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ERIC Number: EJ776557
Record Type: Journal
Publication Date: 2002
Pages: 6
Abstractor: ERIC
Reference Count: N/A
ISBN: N/A
ISSN: ISSN-1539-9664
Unwarranted Intrusion
Elmore, Richard F.
Education Next, v2 n1 p30-35 Spr 2002
Inside the Washington, D.C., beltway, the reauthorization of the Elementary and Secondary Education Act (ESEA) is seen as either a sea change in federal education policy or a half-measure designed to demonstrate the political leadership's willingness to "do something"on education. There is no genuine opposition in Washington to accountability rules that simply fail to understand the institutional realities of accountability in states, districts, and schools. The author argues that the law's provisions are considerably at odds with the technical realities of test-based accountability. Never in the history of federal education policy, he says, has the disconnect between policy and practice been so evident, and possibly never so dangerous. Particularly strange and ironic is that conservative Republicans control the White House and the House of Representatives, and they sponsored the single largest--and the single most damaging--expansion of federal power over the nation's education system in history. Here, he discusses the many problems with the reauthorization of ESEA.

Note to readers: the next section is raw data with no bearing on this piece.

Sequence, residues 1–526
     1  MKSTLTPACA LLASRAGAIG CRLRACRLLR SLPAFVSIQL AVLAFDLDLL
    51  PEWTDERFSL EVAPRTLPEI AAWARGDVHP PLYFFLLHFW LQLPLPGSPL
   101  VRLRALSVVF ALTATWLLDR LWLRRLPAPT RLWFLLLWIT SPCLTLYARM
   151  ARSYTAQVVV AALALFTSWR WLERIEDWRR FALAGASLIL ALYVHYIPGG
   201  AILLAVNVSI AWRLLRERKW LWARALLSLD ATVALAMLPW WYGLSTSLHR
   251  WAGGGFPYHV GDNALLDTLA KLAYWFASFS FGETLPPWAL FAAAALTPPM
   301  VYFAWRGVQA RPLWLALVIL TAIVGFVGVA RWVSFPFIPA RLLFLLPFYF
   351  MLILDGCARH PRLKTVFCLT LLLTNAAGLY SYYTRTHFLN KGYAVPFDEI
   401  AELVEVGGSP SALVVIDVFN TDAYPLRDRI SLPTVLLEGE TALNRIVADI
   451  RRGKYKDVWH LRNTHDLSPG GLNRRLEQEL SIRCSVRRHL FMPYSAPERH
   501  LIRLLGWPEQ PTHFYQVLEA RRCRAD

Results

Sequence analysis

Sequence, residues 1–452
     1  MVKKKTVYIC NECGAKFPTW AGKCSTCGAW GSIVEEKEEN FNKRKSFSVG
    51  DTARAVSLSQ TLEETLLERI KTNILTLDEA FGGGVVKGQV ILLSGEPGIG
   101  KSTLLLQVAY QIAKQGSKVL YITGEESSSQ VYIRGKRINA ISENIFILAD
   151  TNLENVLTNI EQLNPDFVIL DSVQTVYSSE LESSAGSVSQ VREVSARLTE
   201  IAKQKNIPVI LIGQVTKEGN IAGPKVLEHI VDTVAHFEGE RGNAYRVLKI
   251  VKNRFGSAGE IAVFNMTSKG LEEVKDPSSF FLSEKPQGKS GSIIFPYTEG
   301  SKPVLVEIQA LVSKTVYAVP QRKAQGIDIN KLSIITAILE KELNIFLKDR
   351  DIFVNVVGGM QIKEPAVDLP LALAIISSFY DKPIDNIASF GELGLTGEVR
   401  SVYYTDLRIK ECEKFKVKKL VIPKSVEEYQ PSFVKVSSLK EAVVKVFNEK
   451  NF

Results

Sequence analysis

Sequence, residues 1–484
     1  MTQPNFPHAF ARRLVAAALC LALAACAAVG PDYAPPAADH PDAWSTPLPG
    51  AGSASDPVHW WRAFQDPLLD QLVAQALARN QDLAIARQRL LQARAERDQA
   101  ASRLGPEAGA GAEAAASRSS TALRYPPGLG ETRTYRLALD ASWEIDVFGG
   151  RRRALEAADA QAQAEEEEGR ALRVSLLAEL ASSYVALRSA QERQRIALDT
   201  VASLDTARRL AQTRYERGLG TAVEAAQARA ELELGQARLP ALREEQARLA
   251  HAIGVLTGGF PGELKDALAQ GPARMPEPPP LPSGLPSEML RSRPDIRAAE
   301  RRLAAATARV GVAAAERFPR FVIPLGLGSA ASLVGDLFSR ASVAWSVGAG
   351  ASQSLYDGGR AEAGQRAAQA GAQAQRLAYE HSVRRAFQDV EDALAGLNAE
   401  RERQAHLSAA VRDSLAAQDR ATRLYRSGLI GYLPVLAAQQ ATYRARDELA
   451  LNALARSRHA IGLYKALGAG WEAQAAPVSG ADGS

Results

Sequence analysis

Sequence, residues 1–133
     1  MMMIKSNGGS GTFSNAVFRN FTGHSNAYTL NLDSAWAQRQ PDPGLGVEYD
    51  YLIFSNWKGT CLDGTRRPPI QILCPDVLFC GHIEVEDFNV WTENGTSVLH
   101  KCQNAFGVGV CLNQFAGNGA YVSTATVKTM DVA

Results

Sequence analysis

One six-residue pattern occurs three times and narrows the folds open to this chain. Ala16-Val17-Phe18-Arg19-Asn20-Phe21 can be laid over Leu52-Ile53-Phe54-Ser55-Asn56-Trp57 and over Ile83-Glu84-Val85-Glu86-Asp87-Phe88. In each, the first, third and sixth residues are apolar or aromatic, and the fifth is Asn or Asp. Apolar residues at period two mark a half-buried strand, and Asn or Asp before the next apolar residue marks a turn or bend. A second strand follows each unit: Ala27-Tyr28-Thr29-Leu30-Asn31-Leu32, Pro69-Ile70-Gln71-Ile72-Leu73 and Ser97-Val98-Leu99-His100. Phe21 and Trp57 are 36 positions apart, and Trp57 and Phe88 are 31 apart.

Hoover Institution. Stanford University, Stanford, CA 94305-6010. Tel: 800-935-2882; Fax: 650-723-8626; e-mail: educationnext@hoover.stanford.edu; Web site: http://www.hoover.org/publications/ednext
Publication Type: Journal Articles; Opinion Papers
Education Level: Elementary Secondary Education
Audience: N/A
Language: English
Sponsor: N/A
Authoring Institution: N/A
Identifiers - Location: District of Columbia
Identifiers - Laws, Policies, & Programs: Elementary and Secondary Education Act